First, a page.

United States of America, Appellee, v. Elsie Jean Williams, Appellant, 536 F.2d 247 (8th Cir. 1976)Annotate this Case
Joel Case, Manchester, Mo., for appellant.
Frank A. Bussmann, Asst. U. S. Atty., St. Louis, Mo., for appellee; Donald J. Stohr, U. S. Atty. (Barry A. Short, U. S. Atty., effective May 15, 1976), St. Louis, Mo., on the brief.
Before BRIGHT, STEPHENSON and WEBSTER, Circuit Judges.
STEPHENSON, Circuit Judge.
Appellant Elsie Jean Williams appeals from the district court's1 denial of her motion to vacate sentence pursuant to 28 U.S.C. § 2255 without the benefit of an evidentiary hearing. We affirm.
On November 4, 1974, appellant, with her court-appointed counsel, appeared before Judge Wangelin and entered a plea of not guilty to an indictment charging her with four counts of forgery of United States Treasury checks (18 U.S.C. § 495) and seven counts of unlawful possession of stolen mail matter (18 U.S.C. § 1708). On December 2, 1974, appellant changed her plea of not guilty to guilty on Counts 7, 9 and 11. The district court accepted her guilty plea after lengthy interrogation of appellant and her counsel and advice to appellant of her rights in accord with Fed.P.Crim.P. 11. Thereafter, on December 30, 1974, the court imposed a sentence of five years on Count 7, ten years on Counts 9 and 11 respectively, the sentences to run concurrently with one another but consecutively to a six year term she was then serving in the United States penitentiary at Alderson, Virginia. During the sentencing proceedings the court, among other things, reviewed with appellant her previous record which indicated that since 1962 appellant had pled guilty and was sentenced on seven different occasions on charges involving forgery of United States Government checks and possession of stolen mail, and that she became involved in the instant matter while on furlough (and failed to return) from Alderson, Virginia, where she was serving a six year sentence.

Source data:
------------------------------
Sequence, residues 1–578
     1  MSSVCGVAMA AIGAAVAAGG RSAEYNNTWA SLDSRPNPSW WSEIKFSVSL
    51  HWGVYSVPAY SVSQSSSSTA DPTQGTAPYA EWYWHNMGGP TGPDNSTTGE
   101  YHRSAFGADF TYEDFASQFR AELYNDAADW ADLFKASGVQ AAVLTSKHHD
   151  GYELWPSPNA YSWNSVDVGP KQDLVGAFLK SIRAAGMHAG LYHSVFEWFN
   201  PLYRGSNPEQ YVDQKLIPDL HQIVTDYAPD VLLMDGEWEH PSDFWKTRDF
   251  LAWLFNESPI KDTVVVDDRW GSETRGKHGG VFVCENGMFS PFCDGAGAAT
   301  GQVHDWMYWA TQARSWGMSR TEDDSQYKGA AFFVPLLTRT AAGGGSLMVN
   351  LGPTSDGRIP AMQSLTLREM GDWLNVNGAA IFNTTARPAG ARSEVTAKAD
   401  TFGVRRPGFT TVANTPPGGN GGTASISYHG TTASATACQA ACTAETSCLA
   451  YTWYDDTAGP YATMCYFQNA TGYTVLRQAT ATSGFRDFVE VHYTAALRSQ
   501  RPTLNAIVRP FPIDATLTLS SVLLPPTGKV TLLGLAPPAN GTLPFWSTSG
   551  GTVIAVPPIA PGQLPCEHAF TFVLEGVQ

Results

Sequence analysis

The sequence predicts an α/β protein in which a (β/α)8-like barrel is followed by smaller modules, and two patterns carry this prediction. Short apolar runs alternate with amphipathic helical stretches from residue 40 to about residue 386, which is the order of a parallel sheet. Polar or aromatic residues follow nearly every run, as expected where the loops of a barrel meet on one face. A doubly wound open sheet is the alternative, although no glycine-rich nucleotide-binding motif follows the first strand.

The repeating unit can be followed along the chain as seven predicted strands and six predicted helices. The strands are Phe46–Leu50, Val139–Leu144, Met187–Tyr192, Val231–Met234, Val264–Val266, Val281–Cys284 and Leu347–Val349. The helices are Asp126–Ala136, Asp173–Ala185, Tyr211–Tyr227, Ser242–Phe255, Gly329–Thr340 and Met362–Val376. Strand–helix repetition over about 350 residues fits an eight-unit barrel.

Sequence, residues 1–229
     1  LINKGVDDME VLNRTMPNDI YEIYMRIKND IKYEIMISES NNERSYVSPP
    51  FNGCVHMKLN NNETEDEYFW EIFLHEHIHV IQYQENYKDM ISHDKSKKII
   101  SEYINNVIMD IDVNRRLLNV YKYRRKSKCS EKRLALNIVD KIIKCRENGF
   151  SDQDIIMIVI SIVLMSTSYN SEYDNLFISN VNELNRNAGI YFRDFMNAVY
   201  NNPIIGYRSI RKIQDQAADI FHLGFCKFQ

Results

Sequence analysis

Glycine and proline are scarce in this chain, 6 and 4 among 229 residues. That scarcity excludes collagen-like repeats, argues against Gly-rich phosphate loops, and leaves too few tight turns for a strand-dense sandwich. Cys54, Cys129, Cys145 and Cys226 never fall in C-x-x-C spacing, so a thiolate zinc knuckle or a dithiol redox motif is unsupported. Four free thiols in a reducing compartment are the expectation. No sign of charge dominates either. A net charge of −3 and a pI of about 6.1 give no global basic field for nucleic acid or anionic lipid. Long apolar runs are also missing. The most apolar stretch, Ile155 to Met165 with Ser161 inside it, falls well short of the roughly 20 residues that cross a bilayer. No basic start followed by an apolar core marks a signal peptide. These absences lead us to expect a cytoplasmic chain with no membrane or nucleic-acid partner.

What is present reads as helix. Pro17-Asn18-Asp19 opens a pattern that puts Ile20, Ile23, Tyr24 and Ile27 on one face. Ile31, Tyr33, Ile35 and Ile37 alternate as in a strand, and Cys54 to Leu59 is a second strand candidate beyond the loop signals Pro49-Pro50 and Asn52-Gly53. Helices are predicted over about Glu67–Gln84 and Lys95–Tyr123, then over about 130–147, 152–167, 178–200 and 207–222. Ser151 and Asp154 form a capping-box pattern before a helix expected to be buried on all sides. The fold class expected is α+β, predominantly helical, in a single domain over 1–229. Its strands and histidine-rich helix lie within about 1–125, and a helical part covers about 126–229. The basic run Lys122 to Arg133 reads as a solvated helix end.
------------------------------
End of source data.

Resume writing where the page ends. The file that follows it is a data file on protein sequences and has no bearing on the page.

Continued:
On May 15, 1975, appellant filed a motion pursuant to 28 U.S.C. § 2255 with the district court to set aside her conviction on the following grounds: (1) that she was subject to prejudice by the court; (2) that she was sentenced on her past record; (3) that she was misled by her attorney who told her "that all charges would be dismissed if I co-operated;" that "I could not waive the indictment and plead guilty to the one count. * * * Two weeks later I was indicted on about 20 counts he (my attorney) told me to plead guilty to three counts of the indictment. That I never saw read. He told me when I get to court that the Judge will ask me if anyone had made promises or threats tell him no that the Judge is aware of the promise;" (4) that she was never told by her attorney or the judge that she could appeal after she was sentenced; (5) that the court was aware of the problems she was having with her attorney; (6) that her attorney requested more money than the court paid and that she paid him "$500 more in jail by check."
On June 24, 1975, after the government filed its response the court denied relief without a hearing, stating in part:
Petitioner's contentions are simply not supported by the record in this matter. On December 2, 1974, the petitioner, under oath, testified that no threats or promises had been made to her to induce her to plead guilty. * * * As to petitioner's allegation concerning her attorney's conduct, such matters should be settled through the civil processes of the courts.